For above let’s see the use of queue,

Source vertex is 0, now let’s see the operations on Queue,

Hope now BFS Traversal is clear to you. Let’s see the code,

```
unordered_map<int, vector<int>> m;
void bfs(int s, bool *vis)
{
queue<int> q;
q.push(s);
while(!q.empty())
{
int t = q.front();
q.pop();
if(vis[t] == false)
{
cout<<t<<" ";
for(auto i = m[t].begin();i != m[t].end();i++)
{
q.push(*i);
}
vis[t] = true;
}
}
}
```

Code is simple and I don’t think it need any further explanation. Hope you understood the concept behind both the Traversals. **Time Complexity : O(V+E)Space Complexity : O(V)**

Traversal of Adjacency List take

**O(V+E)**complexity and since BFS Traversal requires a

**queue**, therefore space Complexity is

**O(V)**.

Let’s move ahead,

**Applications of DFS and BFS **

Some of the Applications of DFS and BFS are listed below,**Application of DFS,**

(i) Cycle Detection

(ii) Number of Connected Components

(iii) Path Finding

(iv) Topological Sorting **(DAG)**

(v) Strongly Connected Components**Application of BFS,**

(i) Shortest Path in unweighted Graph

(ii) Cycle Detection

(iii) Topological Sorting (**Kahn’s Algorithm**)

(iv) GPS Navigation

(v) Social Network Websites

(vi) Crawlers in Search Engines

We will discuss each and every Applications. Some in this post and some in Upcoming posts. So Stayed tuned.

**Number of Connected Components**

The Graphs we have discussed earlier and connected Graphs and it has only **one connected Component** but a Graph can also be **disconnected** and it can also have more than one components.

Our task is to find the number of connected components in an undirected Graph.

Let’s see an example,

Number of connected Component of above Graph is **2**.

Hope you understood the problem. Now write an algorithm to implement it.

**Algorithm to implement Connected Components**

The logic is very much simple, to implement the above problem, we simply need to do either **BFS or DFS** traversal starting from every **unvisited vertex**, and we will get all connected components.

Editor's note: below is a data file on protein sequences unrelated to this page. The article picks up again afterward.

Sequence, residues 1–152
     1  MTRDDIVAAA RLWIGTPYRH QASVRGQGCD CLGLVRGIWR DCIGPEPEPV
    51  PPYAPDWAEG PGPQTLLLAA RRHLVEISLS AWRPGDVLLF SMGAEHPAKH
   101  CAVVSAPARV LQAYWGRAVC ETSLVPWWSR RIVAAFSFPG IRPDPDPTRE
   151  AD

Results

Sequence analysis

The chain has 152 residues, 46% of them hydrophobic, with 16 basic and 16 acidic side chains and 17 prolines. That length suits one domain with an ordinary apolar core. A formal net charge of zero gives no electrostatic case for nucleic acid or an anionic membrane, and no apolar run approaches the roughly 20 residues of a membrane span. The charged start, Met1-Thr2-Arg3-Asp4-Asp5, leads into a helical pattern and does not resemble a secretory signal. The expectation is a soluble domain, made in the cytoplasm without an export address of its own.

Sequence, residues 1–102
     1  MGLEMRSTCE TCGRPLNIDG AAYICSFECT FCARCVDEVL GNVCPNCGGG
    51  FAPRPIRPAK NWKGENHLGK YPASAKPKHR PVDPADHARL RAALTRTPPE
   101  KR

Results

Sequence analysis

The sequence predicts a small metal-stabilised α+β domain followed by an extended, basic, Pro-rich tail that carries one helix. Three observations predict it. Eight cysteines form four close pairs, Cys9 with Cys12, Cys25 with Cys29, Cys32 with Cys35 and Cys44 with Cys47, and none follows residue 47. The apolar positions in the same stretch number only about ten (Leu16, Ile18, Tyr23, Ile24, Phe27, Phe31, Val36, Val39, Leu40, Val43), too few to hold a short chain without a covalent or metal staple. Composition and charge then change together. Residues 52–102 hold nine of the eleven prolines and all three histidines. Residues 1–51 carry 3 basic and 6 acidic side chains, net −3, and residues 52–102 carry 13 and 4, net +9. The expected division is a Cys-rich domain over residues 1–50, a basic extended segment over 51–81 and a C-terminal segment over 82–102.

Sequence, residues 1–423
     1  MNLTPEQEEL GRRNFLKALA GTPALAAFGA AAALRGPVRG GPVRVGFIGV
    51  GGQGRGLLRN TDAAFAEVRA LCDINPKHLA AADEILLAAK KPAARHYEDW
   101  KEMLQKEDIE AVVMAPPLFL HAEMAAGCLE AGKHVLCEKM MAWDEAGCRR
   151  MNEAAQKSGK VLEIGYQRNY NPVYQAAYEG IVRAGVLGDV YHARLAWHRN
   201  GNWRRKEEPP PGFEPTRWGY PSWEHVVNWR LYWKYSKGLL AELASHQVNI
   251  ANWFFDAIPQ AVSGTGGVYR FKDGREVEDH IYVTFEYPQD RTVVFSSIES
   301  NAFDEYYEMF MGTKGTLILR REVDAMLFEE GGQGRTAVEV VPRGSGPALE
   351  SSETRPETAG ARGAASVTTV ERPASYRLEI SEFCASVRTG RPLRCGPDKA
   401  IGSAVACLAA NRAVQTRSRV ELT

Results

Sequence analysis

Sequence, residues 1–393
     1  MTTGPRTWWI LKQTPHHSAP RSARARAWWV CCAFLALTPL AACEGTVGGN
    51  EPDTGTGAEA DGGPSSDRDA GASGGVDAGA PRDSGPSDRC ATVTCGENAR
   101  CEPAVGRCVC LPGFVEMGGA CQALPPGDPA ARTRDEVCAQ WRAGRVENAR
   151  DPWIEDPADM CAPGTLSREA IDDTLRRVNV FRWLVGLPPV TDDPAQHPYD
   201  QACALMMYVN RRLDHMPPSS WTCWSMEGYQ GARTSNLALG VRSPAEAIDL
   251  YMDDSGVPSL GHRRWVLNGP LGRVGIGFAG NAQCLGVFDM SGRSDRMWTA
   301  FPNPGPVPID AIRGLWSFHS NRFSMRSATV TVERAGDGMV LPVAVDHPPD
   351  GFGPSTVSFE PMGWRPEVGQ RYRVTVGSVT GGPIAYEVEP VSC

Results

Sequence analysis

In this post, we will implement it by **DFS** and you will implement it by **BFS** in home, if doubt arises post it in comment section.

Let’s see the code,

```
unordered_map <int,vector<int,int> m;
void dfs(int s, bool vis[])
{
vis[s] = true;
for(auto i = m[s].begin(); i != m[s].end(); i++)
{
if(vis[*i] == false)
{
dfs(*i,args,vis);
}
}
}
int main()
{
int n,e;
cin>>n>>e;
for(i = 0; i < e; i++)
{
int x, y;
cin>>x>>y;
args[x].push_back(y);
args[y].push_back(x);
}
bool vis[n+1] = {false};
for(i = 1;i <= n;i++)
{
if(vis[i] == false)
{
dfs(i,args,vis);
c++;
}
}
cout<< c <<endl;
}
```

Code is simple, we simply did **DFS Traversal** for every unvisited vertex. In one DFS Traversal, it will visit all nodes of one component.

If there is only one connected component of the Graph then DFS Traversal will be done once.

Therefore number of **DFS()** call from main is our desired answer. Hope code and logic is clear to you.

**Shortest Path between two nodes in undirected Graph **

We are given a undirected Graph and we have to find the **shortest distance** from source vertex to destination vertex.

Let’s see an example,

Shortest Distance between **vertex 0** and **vertex 6** is **3**.

Hope Problem is clear, now think of an algorithm to implement the above problem.

**Algorithm to find shortest Distance**

Since Graph is undirected, we will use **BFS** Traversal to find the shortest distance.

If you observe carefully, during BFS Traversal we are actually visiting any node from the source vertex in the shortest way.

Since we are exploring every neighbour vertex of the current vertex, it’s obvious that we are visiting that particular vertex in the shortest way.

Let’s understand it by the above example,

Neighbours of** 0** is **1** and **2**, so we can visit both the vertex at the cost of **1 unit**. Isn’t it ?

Now, since our destination vertex is **6**, from **vertex 2** we can visit **vertex 3** and **vertex 4 **at the cost of **1 **more unit.

And from** vertex 4**, we will reach **vertex 6**, so through **BFS** we are visit any vertex in Graph in the shortest way.

Hope you understood the logic. Let’s see the code,

```
unordered_map <int,vector<int,int> m;
void bfs(int s, int d, bool vis[])
{
queue<pair<int,int> q;
q.push(make_pair(s,0));
vis[s] = true;
int res, f = 0;
while(!q.empty())
{
pair <int,int> x = q.front();
int p = x.first;
int dist = x.second;
q.pop();
for(auto i = args[p].begin(); i != args[p].end();i++)
{
if(*i == d)
{
res = dist;
f = 1;
break;
}
if(vis[*i] == false)
{
vis[*i] = true;
q.push(make_pair(*i,dis+1));
}
}
if(f == 1) break;
}
cout << res;
}
```

The above code will give us the shortest distance. We simply did BFS Traversal and simultaneously updated the **reachable** distance from that node.

Hope code and logic is clear to you.

In this post we did the **Graph Traversal** as well as some **applications** of it. In next post we will continue with the application part.

That’s all Folks..!!!